Thailand, part 2 – Chiang Mai

Our Thai adventures continue…

Day 94: Bugs…yum?

We had yet another Air Asia flight that morning, this time to head to Chiang Mai, a city in northern Thailand. The flight passed without issue and we were at our new hotel–Rendezvous Classic House–by mid afternoon. We found a random spot for lunch that afternoon (there weren’t many places open near us, oddly enough) and then took some time to settle into our room before the real fun: Chiang Mai’s Sunday Night Market.

The market is held outside, along various streets of Chiang Mai’s Old City. Shops were open by 5pm, the market was busy soon thereafter, and it was totally packed within an hour. It’s impossible to say how many vendors were there, but I’d guesstimate something in the few hundreds range. And, as is to be expected, they sell everything you could imagine, from massive wall art and other decorative items, to clothing and shoes, to toys and knick knacks, not to mention what felt like a million food and drink stands. I’m pretty sure 75% of the stuff being sold was somehow elephant themed and so I basically had an existential crisis about how to contain myself because even if I could find the money (most of the stuff was SO CHEAP anyway), there’s not enough suitcases in the world to send it all back home in. It was my biggest #firstworldproblem yet ๐Ÿ˜ซ๐Ÿ˜ญ

Massive crowds at Chiang Mai’s Sunday Night Market
Foot massage heaven
Crepes & coconuts–what could be better?
Bugs anyone? ๐Ÿ˜ณ

Day 95: #permanentvacations are for 4 hour spa appointments

The weather was ‘eh’ so we decided to spend this day pampering ourselves to the nth degree. First up, a delicious Italian lunch at Sipolle. Yum yum yum.

Best bolognese I’ve had in a while!
Ben’s spinach lasagna

Then, around 2pm, we were picked up by the spa shuttle (Makkha Health & Spa) to start our pampering. Ben went with an herbal milk bath, an aromatherapy hot oil massage, and head reflexology; I went with a foot massage, Thai full body massage, body scrub, and facial. Did I need all of this? HA! Of course not. But really, who says no to 4 hours of services for $100USD? Important notes for future spa goers: 1) a Thai massage is one in which the masseuse beats you up and takes you apart and then puts you back together again and 2) a body scrub is of basically your entire body, no modesty allowed here! Wish I could afford (the money AND time) to do this every week for the rest of my life ๐Ÿ˜‚

Makkha Health & Spa waiting area
They start you off with a cold towel, a hot tea, and a cookie–ate the mango & sticky rice at the end too quickly to photograph it ๐Ÿคฆ๐Ÿฝโ€โ™€๏ธ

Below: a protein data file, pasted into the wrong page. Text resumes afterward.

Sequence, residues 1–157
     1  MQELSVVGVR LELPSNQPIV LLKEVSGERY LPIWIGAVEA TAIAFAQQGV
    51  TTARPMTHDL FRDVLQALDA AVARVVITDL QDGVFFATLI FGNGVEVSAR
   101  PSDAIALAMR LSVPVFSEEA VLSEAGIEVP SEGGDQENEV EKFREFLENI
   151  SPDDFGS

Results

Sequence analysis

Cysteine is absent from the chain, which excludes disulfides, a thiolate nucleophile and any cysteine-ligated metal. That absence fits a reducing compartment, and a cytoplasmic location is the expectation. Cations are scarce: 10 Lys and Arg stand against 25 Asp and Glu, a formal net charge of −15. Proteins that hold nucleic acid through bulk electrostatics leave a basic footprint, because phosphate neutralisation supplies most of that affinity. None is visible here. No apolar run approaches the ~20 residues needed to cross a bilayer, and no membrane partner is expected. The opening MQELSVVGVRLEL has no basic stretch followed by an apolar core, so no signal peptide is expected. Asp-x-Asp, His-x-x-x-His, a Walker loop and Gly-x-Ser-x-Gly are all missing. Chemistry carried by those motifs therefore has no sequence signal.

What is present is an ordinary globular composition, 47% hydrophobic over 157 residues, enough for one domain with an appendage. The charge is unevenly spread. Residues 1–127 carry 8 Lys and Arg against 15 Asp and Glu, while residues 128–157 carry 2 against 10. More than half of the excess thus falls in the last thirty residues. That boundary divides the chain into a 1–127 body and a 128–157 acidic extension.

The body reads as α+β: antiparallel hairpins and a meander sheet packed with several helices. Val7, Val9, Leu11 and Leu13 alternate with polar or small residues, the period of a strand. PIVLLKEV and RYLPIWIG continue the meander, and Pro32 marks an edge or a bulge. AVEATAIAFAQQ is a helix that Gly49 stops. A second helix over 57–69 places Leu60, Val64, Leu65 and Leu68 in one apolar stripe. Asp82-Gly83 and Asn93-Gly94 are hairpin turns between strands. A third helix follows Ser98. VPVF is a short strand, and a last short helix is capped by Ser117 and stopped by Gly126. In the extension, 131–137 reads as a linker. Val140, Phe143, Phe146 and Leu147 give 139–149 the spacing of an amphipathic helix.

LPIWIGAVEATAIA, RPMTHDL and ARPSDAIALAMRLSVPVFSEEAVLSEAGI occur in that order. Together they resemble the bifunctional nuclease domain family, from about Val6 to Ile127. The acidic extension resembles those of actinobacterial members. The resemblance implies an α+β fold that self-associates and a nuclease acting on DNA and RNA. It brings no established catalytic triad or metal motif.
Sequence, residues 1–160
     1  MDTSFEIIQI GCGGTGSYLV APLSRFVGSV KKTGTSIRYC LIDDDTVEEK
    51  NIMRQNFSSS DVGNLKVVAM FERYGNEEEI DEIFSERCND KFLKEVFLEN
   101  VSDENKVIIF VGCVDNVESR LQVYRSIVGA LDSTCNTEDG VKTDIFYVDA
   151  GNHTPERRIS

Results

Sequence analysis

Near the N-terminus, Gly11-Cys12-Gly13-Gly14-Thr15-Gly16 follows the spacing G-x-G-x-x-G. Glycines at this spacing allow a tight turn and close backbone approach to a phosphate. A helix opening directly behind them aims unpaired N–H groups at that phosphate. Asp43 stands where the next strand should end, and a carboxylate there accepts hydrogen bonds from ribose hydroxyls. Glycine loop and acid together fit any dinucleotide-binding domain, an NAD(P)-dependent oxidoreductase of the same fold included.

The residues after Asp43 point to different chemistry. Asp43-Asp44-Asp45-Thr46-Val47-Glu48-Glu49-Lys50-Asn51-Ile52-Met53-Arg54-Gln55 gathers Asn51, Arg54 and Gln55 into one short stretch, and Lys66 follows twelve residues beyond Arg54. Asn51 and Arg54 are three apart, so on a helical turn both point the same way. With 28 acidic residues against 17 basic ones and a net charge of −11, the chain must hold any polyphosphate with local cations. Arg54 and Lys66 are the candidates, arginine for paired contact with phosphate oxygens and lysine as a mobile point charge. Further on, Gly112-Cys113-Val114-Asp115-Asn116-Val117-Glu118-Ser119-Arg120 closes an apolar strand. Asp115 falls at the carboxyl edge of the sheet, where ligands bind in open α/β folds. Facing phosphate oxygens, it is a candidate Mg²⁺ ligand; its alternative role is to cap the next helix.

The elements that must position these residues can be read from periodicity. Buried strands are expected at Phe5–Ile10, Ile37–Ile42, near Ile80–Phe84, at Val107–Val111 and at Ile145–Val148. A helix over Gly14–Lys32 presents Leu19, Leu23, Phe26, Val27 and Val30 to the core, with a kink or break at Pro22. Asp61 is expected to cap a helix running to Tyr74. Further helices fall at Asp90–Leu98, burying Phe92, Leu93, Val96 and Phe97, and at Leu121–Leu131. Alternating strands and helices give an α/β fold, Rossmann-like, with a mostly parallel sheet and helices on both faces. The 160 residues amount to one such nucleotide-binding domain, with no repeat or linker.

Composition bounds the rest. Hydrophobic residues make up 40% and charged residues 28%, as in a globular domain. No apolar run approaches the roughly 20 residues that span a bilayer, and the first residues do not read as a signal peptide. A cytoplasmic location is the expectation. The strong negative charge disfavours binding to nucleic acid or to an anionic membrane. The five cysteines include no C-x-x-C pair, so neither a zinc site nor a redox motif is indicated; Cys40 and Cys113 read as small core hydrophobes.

Day 96: (A little) temple time

Like most cities in Thailand, Chiang Mai has plenty of temples. We decided to take the morning to walk around the city a bit and take a look at them.

Beautiful mango tree we saw during our walk – wanted to pluck one and eat it right there!

We had a leisurely lunch that afternoon at Sheryle’s Restaurant & Bar, and it was there that we learned the reasoning behind Thailand’s odd alcohol sale rules (you can only purchase alcohol between the hours of 11am and 2pm and 5pm and 11pm/midnight at both stores AND bars/restauarants)…apparently blocking alcohol sales between those hours (2pm-5pm) is meant to prevent kids from getting access? The whole thing was very strange, and hilariously enough, it looked like only 7/11 enforced it because restaurants were willing to help a girl out with an afternoon beer ๐Ÿ˜‚

Our afternoon was lazy and useless, as vacations should be, and we decided to go back to Sipolle for dinner because I can’t say no to pasta. This time we went all out and got an appetizer to share, wine, AND dessert–fancy living.

Ben’s squid ink pasta
My delicious carbonara
One of the best lava cakes I’ve ever had!
Ben’s tartufo

Day 97: A day of Asian squat toilets

As we were in the mountainous part of Thailand, we felt like we should probably go see a mountain. We booked a group tour of Doi Inthanon National Park, which would include a visit to Thailand’s highest point, the King & Queen’s pagodas, 2 waterfalls, a Hmong market, and a small local village. The day was foggy as hell so our views were relatively limited, but it was nice to see all of the lush greenery. I’ve never been to forests in the Northwest US but I feel like it would look a bit like northern Thailand.

First up, the highest spot in Thailand…just 2,500 meters above sea level ๐Ÿ˜‚ It was kind of hilarious to hear the guide call it a ‘mountain’ when just a couple of weeks before, while in Nepal, a similarly high peak was called a ‘hill’. I guess nothing ever compares to Everest!

Afterwards, we had a chance to walk along a nature trail to enjoy the scenery a bit more:

Next up were the King and Queen’s pagodas. The pagodas were cool enough, but my favorite part was the massive garden surrounding the Queen’s pagoda.

We briefly visited a Hmong market on the way back down the mountain, lots of stands selling fresh fruits and veggies or dried fruits and nuts, etc. As we continued our way down, we stopped at our first waterfall, Sirithan Waterfall, which has a 40 meter drop.